Many of Jonathan Anderstrom's tech industry friends work at businesses located in Minneapolis' buzzy North Loop neighborhood.

His company, Creed Interactive, is firmly planted in St. Paul's Lowertown — and he'd like to draw more like-minded entrepreneurs to the area.

Anderstrom is a member of St. Paul's new Innovation Cabinet, which is creating a plan to attract more technology and innovation-driven jobs to St. Paul. The 16 members of the group will come up with a strategy by July.

Anderstrom and other cabinet members are quick to add that this isn't about competing with the city across the river. They want to highlight St. Paul's assets, like its many colleges, and said the cities can complement each other.

Meanwhile, the Department of Employment and Economic Development is launching its own "#InnovateMN" effort to highlight creative businesses in the state and help them connect with state funding.

The timing of the two efforts — which were announced on the same day — was coincidental, said DEED Commissioner Shawntera Hardy, who is involved in both the state and city efforts. She and Lt. Gov. Tina Smith kept hearing stories of innovative job creation as they traveled the state, and Hardy said they decided: "We have to tell this story."

There were 141,934 people working in the technology industry in Minnesota in 2015, an increase of 5,475 over the year before, according to an analysis by the Computing Technology Industry Association.

The average technology worker's annual salary, $93,500, was 78 percent higher the average private sector worker in Minnesota, the analysis showed.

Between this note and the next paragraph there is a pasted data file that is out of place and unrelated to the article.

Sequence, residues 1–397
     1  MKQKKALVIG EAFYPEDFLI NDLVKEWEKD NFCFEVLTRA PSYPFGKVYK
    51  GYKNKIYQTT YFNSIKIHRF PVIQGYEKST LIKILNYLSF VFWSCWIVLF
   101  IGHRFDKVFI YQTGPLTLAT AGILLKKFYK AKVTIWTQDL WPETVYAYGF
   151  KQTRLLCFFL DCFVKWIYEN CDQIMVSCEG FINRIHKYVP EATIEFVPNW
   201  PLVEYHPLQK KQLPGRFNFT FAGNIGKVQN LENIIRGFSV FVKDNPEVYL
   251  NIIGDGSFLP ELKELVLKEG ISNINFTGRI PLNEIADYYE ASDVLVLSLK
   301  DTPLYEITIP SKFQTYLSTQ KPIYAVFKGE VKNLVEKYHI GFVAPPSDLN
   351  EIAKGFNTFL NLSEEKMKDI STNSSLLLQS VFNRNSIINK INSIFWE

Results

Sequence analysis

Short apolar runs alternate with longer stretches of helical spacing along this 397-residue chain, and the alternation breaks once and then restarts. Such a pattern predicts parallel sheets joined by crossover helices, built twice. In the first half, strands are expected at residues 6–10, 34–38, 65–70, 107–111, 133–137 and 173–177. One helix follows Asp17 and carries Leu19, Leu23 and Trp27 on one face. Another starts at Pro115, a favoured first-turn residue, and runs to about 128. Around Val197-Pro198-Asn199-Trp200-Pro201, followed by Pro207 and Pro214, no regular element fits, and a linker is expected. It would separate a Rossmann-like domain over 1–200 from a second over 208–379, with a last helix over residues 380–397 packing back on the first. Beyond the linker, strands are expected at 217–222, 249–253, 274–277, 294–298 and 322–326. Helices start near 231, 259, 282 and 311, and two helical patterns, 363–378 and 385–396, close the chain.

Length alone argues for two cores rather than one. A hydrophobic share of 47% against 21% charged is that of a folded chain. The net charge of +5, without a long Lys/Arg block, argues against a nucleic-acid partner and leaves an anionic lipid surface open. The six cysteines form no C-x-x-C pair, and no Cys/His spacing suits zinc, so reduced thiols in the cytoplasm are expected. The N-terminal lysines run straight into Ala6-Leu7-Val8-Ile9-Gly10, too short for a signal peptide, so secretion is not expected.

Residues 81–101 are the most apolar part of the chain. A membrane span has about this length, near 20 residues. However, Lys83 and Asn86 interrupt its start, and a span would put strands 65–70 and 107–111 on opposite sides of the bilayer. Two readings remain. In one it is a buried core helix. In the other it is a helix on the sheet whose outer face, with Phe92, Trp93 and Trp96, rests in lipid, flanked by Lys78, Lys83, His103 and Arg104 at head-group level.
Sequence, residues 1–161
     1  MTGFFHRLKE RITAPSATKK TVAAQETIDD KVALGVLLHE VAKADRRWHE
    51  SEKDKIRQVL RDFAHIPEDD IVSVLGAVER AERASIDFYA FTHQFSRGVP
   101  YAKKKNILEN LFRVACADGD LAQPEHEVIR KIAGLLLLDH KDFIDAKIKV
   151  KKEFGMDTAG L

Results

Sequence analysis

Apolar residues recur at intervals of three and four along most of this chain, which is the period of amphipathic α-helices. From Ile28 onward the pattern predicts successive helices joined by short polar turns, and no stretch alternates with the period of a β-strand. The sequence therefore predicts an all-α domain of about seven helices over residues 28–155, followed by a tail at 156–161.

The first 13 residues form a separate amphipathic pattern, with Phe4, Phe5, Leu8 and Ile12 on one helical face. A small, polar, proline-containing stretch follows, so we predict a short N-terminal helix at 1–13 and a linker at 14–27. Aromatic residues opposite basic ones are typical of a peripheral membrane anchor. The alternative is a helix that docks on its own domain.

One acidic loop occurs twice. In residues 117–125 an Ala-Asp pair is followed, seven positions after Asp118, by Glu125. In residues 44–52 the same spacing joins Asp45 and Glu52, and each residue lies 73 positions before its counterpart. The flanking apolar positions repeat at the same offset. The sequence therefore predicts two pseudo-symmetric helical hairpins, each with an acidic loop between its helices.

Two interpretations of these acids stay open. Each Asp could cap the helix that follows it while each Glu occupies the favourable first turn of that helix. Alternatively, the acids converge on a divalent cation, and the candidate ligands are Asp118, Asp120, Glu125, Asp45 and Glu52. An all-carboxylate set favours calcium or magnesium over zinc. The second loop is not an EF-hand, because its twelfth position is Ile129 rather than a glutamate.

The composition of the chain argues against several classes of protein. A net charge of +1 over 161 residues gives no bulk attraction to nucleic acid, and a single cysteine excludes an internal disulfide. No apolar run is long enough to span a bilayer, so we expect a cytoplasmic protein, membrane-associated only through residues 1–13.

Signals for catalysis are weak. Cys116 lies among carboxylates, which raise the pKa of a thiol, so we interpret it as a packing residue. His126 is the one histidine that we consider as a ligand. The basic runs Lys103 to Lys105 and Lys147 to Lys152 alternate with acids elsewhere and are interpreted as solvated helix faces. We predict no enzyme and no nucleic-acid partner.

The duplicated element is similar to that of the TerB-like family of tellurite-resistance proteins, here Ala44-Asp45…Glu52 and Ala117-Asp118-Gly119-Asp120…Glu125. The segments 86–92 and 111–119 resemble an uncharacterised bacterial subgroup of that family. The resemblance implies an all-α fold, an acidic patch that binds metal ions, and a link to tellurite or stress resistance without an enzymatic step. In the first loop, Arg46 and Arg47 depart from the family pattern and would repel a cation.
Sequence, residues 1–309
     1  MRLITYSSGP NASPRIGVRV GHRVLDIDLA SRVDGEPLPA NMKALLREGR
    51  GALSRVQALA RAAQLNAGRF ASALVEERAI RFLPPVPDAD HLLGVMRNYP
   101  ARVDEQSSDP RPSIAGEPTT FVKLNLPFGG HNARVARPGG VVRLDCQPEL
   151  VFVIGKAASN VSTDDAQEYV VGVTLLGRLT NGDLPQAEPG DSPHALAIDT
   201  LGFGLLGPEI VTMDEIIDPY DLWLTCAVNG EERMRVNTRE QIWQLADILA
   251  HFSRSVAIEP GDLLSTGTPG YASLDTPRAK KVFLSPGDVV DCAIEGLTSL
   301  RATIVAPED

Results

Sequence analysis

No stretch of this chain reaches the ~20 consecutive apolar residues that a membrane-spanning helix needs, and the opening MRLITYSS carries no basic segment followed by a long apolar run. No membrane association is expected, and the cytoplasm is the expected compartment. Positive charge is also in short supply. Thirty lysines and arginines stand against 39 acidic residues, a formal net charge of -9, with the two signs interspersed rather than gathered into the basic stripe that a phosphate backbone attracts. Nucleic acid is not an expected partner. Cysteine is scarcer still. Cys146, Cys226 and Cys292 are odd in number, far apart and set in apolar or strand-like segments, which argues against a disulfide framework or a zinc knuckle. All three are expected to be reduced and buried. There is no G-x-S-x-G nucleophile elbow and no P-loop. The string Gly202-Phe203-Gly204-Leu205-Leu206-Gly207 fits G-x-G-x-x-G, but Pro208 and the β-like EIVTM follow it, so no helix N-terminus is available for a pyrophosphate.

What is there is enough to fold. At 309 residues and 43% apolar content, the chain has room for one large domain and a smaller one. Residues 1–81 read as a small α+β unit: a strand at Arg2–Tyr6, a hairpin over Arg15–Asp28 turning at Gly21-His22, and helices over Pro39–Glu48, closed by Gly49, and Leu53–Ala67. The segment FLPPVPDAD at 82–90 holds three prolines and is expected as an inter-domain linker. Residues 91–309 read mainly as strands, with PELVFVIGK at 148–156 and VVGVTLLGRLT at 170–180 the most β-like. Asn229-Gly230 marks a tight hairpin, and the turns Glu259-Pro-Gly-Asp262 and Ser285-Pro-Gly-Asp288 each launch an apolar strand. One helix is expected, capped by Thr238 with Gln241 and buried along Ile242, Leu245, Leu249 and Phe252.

Technology companies often create well-paid jobs, but not that many of them, Anderstrom said.

The financial resources that St. Paul offers to help new businesses seem to focus on attracting companies that create a lot of lower-paying jobs, he said. He plans to suggest that the city have more flexibility in its business grant programs.

The cabinet has met twice. Members have talked about the need for creative workspaces and improving communication between companies, City Council Member Chris Tolbert said.

"We're not going to be Silicon Valley," he said, but the Innovation Cabinet will "make sure we keep our momentum going, and if nothing else, try to tell St. Paul stories."

Tolbert worked with Mayor Chris Coleman, who is running for governor, to create the cabinet. The effort fits with Coleman's goal, which he announced in August, to add 3,000 jobs in the city over the next three years.

St. Paul College President Rassoul Dastmozd, who is also a member of the cabinet, said having a variety of partners — including business owners, state and local government officials and educators — come together will ensure they look at the issue in a comprehensive way. He is interested in making sure the community and technical college's programming and services stay relevant for St. Paul businesses.

There will be a public "Conversations on Innovation" event with the cabinet members at 4:30 p.m. Tuesday at a co-working space at 213 4th St. E.